Digestive outcome

Celiac Disease

Coeliac disease, also spelled celiac disease, is an autoimmune disorder affecting primarily the small intestine that occurs in people who are genetically predisposed. Classic symptoms include gastrointestinal problems such as chronic diarrhoea, abdominal distention, malabsorption, loss of appetite, and among children failure to grow normally. This often begins between six months and two years of age. Non-classic symptoms are the most common, especially in people older than two years. There may be mild or absent gastrointestinal symptoms, a wide number of symptoms involving any part of the body, or no obvious symptoms. Coeliac disease was first described in childhood; however, it may develop at any age. It is associated with other autoimmune diseases, such as diabetes mellitus type 1 and thyroiditis, among others.

Coeliac disease is caused by a reaction to gluten, which are various proteins found in wheat and in other grains such as barley, and rye. Moderate quantities of oats, free of contamination with other gluten-containing grains, are usually tolerated but problems may depend on the type consumed. Upon exposure to gluten, an abnormal immune response may lead to the production of several different autoantibodies that can affect a number of different organs. In the small-bowel this causes an inflammatory reaction and may produce shortening of the villi lining the small intestine (villous atrophy). This affects the absorption of nutrients, frequently leading to anaemia.

Diagnosis is typically made by a combination of blood antibody tests and intestinal biopsies, helped by specific genetic testing. Making the diagnosis is not always straightforward. Frequently, the autoantibodies in the blood are negative and many people have only minor intestinal changes with normal villi. People may have severe symptoms and be investigated for years before a diagnosis is achieved. Increasingly, the diagnosis is being made in people without symptoms as a result of screening. While the disease is caused by a permanent intolerance to wheat proteins, it is not a form of wheat allergy.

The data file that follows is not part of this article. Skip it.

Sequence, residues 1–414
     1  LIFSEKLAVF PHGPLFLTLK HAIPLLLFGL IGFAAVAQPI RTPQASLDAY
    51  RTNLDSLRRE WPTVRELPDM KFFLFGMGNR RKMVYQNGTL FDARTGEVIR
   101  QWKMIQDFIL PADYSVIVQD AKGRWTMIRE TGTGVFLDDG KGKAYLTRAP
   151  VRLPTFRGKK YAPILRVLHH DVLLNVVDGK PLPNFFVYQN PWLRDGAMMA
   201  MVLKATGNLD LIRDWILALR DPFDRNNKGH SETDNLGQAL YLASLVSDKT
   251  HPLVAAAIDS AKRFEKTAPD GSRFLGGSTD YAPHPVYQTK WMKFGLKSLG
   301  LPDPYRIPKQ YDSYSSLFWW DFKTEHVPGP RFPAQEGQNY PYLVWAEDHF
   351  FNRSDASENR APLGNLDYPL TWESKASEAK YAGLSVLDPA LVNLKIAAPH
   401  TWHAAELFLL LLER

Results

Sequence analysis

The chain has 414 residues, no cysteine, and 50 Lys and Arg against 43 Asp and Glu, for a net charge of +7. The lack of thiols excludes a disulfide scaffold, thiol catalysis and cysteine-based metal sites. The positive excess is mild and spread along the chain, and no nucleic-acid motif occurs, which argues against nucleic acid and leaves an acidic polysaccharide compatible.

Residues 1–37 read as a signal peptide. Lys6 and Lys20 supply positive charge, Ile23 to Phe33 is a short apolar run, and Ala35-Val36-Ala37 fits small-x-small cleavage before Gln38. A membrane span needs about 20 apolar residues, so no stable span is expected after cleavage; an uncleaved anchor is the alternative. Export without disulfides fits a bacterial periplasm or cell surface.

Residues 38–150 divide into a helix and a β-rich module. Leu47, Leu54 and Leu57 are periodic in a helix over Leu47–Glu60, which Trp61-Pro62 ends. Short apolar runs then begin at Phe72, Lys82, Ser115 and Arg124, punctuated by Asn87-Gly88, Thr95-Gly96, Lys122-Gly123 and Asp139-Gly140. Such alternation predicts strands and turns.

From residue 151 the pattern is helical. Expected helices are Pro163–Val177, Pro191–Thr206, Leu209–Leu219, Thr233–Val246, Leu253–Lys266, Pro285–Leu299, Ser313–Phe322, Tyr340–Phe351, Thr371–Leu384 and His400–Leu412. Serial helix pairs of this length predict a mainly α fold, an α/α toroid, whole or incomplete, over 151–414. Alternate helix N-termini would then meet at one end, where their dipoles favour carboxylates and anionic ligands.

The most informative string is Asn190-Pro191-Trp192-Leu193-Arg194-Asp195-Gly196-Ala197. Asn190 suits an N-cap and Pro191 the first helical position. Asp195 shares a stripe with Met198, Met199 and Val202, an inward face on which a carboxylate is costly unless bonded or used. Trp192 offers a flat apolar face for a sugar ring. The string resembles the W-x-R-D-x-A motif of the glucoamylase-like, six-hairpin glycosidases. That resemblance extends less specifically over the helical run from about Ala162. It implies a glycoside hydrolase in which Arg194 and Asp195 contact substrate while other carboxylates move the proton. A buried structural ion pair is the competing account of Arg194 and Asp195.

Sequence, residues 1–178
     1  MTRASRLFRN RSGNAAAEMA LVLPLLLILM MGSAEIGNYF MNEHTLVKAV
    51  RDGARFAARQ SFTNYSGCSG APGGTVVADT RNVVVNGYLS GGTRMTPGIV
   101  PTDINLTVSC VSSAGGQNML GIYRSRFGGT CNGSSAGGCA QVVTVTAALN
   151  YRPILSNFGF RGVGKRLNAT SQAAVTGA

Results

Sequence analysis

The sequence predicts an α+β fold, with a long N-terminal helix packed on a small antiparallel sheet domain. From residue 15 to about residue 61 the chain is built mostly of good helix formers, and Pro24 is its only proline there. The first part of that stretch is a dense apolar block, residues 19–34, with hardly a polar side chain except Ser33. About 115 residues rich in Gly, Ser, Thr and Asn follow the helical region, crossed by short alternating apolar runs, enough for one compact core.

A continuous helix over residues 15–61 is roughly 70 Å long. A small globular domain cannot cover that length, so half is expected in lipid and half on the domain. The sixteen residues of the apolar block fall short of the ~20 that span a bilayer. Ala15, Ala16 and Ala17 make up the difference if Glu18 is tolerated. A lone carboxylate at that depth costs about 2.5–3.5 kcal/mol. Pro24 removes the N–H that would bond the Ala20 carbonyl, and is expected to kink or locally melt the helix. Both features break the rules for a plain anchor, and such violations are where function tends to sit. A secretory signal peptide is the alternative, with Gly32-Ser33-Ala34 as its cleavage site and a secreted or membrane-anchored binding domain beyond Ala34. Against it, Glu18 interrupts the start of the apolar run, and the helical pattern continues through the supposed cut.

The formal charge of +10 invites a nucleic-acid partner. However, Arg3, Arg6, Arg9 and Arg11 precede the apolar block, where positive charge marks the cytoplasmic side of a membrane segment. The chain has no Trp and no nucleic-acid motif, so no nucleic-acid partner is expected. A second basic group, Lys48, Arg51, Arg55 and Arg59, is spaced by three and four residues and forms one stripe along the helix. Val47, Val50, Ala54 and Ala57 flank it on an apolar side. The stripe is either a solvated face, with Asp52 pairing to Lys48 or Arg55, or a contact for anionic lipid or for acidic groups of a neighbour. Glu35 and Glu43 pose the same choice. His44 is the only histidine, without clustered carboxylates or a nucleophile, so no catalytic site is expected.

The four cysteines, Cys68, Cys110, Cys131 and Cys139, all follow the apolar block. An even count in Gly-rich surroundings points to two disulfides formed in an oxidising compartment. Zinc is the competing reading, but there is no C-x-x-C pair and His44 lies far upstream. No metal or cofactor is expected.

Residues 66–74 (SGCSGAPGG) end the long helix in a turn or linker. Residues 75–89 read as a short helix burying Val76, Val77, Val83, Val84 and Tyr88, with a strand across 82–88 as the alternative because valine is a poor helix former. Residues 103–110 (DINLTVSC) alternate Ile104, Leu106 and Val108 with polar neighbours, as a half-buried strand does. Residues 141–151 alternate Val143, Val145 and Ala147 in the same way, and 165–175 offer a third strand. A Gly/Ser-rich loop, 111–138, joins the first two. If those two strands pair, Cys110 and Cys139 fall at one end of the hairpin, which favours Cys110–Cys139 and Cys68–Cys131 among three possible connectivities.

The only known effective treatment is a strict lifelong gluten-free diet, which leads to recovery of the intestinal mucosa, improves symptoms, and reduces risk of developing complications in most people. If untreated it may result in cancers such as intestinal lymphoma and a slight increased risk of early death. Rates vary between different regions of the world, from as few as 1 in 300 to as many as 1 in 40, with an average of between 1 in 100 and 1 in 170 people. In developed countries, it is estimated that five out of six cases (83%) remain undiagnosed, usually because of non-classic, minimal, or absent complaints. Coeliac disease is slightly more common in women than in men.The term "coeliac" is from the Greek κοιλιακός (koiliakós, "abdominal") and was introduced in the 19th century in a translation of what is generally regarded as an ancient Greek description of the disease by Aretaeus of Cappadocia.

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Celiac Disease outcomes

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Small intestinal bacterial overgrowth (SIBO) Digestive outcome

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